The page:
Wednesday, February 21, 2007

JT's Blog - What’s driving a wedge into soccer? - Feb. 21

JT's Blog will be a weekly addition to the US Youth Soccer Blog. John Thomas "JT" is the Assistant Director of Coaching Education for US Youth Soccer.

I read an article about the Boston's Pop Warner "urban suburban" American football league collapsed because the parents of the suburban 7- to 14-year-olds said that the urban kids played too rough. And urban playing fields were "unsafe". And that the urban kids played "intimidating" rap music. The League director Al Perillo told the Boston Globe that white middle-class parents have been scared off by TV news reports of drive-by shootings. But they're also sick "getting beat 30-to-nothing every time they go to Boston".

That said, the segregation of U.S. cities still shocks. And nowhere is this divide more obvious than in soccer in the U.S. No one is keeping statistics on just how effectively working-class, African-Americans have been excluded from America's grassroots soccer explosion. But everyone is agreed that soccer is predominately a white sport.

In Raleigh, North Carolina, African-American kids reacted with disbelief when a teacher told them about her brother-in-law, black U.S. defender Eddie Pope. They were reportedly "stunned" when Pope sent them an autographed poster.

When I moved in a small town outside of inner-city Washington, D.C., I enthusiastically set about starting a soccer program. "Even after weeks of posters, PA announcements in some of the schools in the area and word-of-mouth advertising, I still had didn’t have enough players to fill the roster. It was the first soccer team in the area in many years and the lack of interest shattered my world paradigm. I was warned: “kids don't play soccer in the ghetto. Just football, basketball, track.”

But others have succeeded. Steve Bandura runs the Anderson Monarchs youth soccer team in inner-city Philadelphia. He shows the kids footage of Pelé and other black players “making the point that most of the world's footballers look like them”. And every winter he gives his young players the option to switch to basketball until the new soccer season starts. And every year - without fail - the kids choose indoor soccer instead. Every other team in the Monarchs' league is predominantly white. And most years the Monarchs win everything in sight. There is only one other non-school African-American team in Philadelphia, a city that is 40% black.

"The reason is," says Steve, "that there just aren't soccer programs being run in African-American neighborhoods. If there were then what we do here would be repeated many times." Sound like a great idea to me.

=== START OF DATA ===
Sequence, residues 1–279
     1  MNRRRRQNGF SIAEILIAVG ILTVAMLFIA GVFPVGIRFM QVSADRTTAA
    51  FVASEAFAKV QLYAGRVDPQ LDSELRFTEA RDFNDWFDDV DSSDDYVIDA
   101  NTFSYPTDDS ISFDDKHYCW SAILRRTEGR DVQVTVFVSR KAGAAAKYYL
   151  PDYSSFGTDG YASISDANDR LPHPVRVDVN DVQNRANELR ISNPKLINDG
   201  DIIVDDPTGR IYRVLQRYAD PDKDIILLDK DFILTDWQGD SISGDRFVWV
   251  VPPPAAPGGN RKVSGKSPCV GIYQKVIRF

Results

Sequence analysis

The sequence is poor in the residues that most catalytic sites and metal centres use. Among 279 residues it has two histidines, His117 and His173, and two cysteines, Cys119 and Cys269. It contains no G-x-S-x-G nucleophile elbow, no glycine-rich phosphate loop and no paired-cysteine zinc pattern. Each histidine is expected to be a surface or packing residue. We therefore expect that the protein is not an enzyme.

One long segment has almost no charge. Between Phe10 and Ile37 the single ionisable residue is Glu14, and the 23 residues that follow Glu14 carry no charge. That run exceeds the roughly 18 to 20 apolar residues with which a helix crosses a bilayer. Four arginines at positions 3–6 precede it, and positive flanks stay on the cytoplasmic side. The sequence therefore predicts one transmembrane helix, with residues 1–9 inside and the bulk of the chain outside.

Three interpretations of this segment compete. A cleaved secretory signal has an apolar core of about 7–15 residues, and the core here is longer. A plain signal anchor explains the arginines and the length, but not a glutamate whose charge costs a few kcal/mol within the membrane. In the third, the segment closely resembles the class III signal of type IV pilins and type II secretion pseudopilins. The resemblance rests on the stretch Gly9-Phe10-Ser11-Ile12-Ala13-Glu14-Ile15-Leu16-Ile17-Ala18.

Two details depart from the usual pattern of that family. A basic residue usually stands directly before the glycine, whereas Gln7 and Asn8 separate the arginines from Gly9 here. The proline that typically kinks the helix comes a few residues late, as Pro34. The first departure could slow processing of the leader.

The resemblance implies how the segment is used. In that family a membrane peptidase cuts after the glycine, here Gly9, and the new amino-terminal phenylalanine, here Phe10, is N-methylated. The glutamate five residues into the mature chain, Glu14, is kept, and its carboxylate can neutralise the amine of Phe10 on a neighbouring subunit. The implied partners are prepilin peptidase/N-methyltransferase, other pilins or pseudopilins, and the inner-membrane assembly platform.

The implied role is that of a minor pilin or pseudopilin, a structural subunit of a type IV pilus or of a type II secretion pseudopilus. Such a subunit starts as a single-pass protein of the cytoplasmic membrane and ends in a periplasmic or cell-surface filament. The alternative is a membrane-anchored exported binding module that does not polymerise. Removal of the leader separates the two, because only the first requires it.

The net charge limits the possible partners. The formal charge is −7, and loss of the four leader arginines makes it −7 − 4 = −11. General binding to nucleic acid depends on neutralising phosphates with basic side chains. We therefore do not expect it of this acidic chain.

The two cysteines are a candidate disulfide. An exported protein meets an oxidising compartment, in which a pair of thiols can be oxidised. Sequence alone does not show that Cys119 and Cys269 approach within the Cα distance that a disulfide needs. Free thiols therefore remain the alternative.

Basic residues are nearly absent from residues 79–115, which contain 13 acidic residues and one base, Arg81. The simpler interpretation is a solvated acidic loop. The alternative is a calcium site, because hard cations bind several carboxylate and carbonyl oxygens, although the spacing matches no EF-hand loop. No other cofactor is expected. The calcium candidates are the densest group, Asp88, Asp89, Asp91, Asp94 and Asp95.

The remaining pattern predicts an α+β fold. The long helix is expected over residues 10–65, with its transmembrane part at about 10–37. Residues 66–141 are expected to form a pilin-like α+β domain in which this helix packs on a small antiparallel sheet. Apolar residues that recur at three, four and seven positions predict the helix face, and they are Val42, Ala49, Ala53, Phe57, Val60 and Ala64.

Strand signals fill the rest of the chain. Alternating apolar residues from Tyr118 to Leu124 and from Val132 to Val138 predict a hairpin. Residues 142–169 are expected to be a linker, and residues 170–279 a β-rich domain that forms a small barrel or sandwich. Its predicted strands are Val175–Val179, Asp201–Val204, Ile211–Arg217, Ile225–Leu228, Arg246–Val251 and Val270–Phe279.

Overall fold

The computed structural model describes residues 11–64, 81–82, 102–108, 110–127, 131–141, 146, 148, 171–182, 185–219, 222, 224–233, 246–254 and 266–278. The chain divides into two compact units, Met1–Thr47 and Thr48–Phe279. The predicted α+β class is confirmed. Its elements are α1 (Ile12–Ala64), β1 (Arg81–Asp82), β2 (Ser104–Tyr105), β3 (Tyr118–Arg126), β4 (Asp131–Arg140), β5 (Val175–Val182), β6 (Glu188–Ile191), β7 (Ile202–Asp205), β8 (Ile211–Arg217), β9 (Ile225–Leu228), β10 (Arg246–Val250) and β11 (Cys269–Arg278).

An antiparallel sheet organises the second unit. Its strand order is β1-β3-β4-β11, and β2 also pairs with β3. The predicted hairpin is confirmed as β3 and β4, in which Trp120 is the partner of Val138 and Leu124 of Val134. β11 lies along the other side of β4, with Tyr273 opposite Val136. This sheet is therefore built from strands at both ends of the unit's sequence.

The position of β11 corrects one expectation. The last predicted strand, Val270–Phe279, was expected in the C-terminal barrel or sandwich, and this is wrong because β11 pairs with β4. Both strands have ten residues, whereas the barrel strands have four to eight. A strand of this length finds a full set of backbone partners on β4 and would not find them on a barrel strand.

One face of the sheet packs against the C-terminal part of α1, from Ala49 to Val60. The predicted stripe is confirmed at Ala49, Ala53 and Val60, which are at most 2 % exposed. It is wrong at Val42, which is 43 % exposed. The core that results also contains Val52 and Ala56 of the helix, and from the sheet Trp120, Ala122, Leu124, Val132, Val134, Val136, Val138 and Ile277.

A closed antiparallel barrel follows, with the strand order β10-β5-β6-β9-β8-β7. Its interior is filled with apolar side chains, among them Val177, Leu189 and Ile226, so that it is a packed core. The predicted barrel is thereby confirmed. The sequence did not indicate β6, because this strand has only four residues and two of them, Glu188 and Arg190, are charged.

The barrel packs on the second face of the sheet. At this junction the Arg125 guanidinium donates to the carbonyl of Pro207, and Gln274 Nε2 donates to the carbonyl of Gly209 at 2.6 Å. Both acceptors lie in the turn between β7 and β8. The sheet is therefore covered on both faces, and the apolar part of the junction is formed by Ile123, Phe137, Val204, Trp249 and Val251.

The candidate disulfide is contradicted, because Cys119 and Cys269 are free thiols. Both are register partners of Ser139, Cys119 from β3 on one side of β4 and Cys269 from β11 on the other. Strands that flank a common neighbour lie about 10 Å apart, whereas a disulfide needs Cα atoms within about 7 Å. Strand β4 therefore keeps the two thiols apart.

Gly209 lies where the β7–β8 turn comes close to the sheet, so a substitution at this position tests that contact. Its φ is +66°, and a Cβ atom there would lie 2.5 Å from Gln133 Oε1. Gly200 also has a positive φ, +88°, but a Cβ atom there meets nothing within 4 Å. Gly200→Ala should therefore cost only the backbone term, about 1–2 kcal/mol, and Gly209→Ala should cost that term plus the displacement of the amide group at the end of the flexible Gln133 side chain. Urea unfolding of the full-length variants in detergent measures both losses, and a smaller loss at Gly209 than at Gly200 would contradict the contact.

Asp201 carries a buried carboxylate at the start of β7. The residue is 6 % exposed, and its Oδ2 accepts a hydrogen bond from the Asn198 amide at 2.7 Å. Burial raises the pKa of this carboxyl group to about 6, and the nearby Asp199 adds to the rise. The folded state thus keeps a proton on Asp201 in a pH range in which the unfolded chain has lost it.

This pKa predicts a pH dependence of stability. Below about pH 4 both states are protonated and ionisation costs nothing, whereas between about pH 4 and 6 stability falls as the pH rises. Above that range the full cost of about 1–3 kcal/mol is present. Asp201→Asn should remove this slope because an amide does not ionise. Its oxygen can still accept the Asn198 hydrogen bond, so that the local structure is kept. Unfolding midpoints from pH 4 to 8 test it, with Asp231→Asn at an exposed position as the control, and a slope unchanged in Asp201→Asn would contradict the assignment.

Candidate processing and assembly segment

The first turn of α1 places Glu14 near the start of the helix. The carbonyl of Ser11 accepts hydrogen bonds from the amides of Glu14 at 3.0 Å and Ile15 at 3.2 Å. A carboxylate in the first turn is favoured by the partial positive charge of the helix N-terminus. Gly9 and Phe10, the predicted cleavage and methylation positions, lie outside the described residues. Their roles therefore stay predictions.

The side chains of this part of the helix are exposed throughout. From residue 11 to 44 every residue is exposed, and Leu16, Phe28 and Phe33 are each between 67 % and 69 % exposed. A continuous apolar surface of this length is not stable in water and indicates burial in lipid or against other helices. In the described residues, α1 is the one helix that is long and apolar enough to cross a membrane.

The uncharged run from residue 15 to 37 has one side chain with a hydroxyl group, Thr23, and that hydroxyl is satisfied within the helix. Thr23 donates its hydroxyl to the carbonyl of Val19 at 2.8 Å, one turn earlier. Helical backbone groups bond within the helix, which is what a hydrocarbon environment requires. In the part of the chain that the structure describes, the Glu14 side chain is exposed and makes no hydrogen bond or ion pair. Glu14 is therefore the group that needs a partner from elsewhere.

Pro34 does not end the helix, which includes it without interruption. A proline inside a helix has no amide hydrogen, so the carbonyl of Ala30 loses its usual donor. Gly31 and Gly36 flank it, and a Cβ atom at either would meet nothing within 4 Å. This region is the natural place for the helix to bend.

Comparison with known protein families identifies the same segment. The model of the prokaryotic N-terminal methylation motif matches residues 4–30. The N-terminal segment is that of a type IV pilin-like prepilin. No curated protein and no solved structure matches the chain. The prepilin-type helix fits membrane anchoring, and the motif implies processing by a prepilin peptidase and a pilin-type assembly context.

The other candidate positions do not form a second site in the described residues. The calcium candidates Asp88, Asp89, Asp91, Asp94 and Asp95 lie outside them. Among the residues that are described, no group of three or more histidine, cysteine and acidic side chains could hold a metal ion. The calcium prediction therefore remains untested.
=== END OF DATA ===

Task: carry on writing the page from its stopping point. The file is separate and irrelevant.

7 comments:

Brandi said...

I think we are missing a large population of potential athletes. They are excluded from participation because of circumstances of which they have no control. We do need to do a much better job of providing opportunities for these children. This should be done not because we want to find the next Pele, but because we want to give these kids inspiration and confidence.

Anonymous said...

I don't think soccer in the US will really take off until we are consistantly getting players from the inner city. We must get these kids to become soccer players to truly see the sport take off.

John Gillis said...

I attempted to integrate my sons team with African American friends he has in the housing authority. Which basically consist of families living below the poverty level. The problem I ran into after securing four scholarships from our club was transportation. How to get the kids to and from practice.
Has anyone else attempted this? If so how did you handle the transportation issue?
Last thought. Does anyone have any ideas about an initiative to recruit and integrate inner city children into our club system?

Richard said...

The costs of participating in soccer outside of rec programs has been a main factor in minimizing the number of African-American players who play the game. As a result these players often do not continue on playing, leaving a vacum of African American players and coaches who can influence and serve as role models for younger players to follow. They often follow the influence of basketball and football who have a significantly larger percentage of African Americans who play. When we can fix the socio-economic gap that eliminates many of these players and keep them in the game, they in turn will not only be able to serve as role models but hopefully will also engage in coaching in their future. The African-American athlete has so much to offer the sport of soccer in the US, if we can keep them playing beyond the recreation level.

Anonymous said...

Most programs and fields are developed in the outer suburbs. Costing is based on this. We need to do a better job of lowreing the cost/finding scholarships and finding viable transportation to fileds or developing the fields in more centralized locations.

Anonymous said...

It african-americans start out in soccer and are competitive, it is difficult to keep them there. If kids can be competitive, they must join club or select times-- which have tremendous money and time costs. Also, when the continue to see their friend in football and basketball -- being successful and competitive with less anguish, they begin to really look at those sports. When playing select, it is already competitive and very much controlled by parents and coaches. Sometimes, kids talents and interest get lost.

Anonymous said...

The social economic structure is driving the wedge in soccer. If one does not have the finances need he/she wont make it in soccer.
There needs to be a way to make it fair to all regrdless of finances.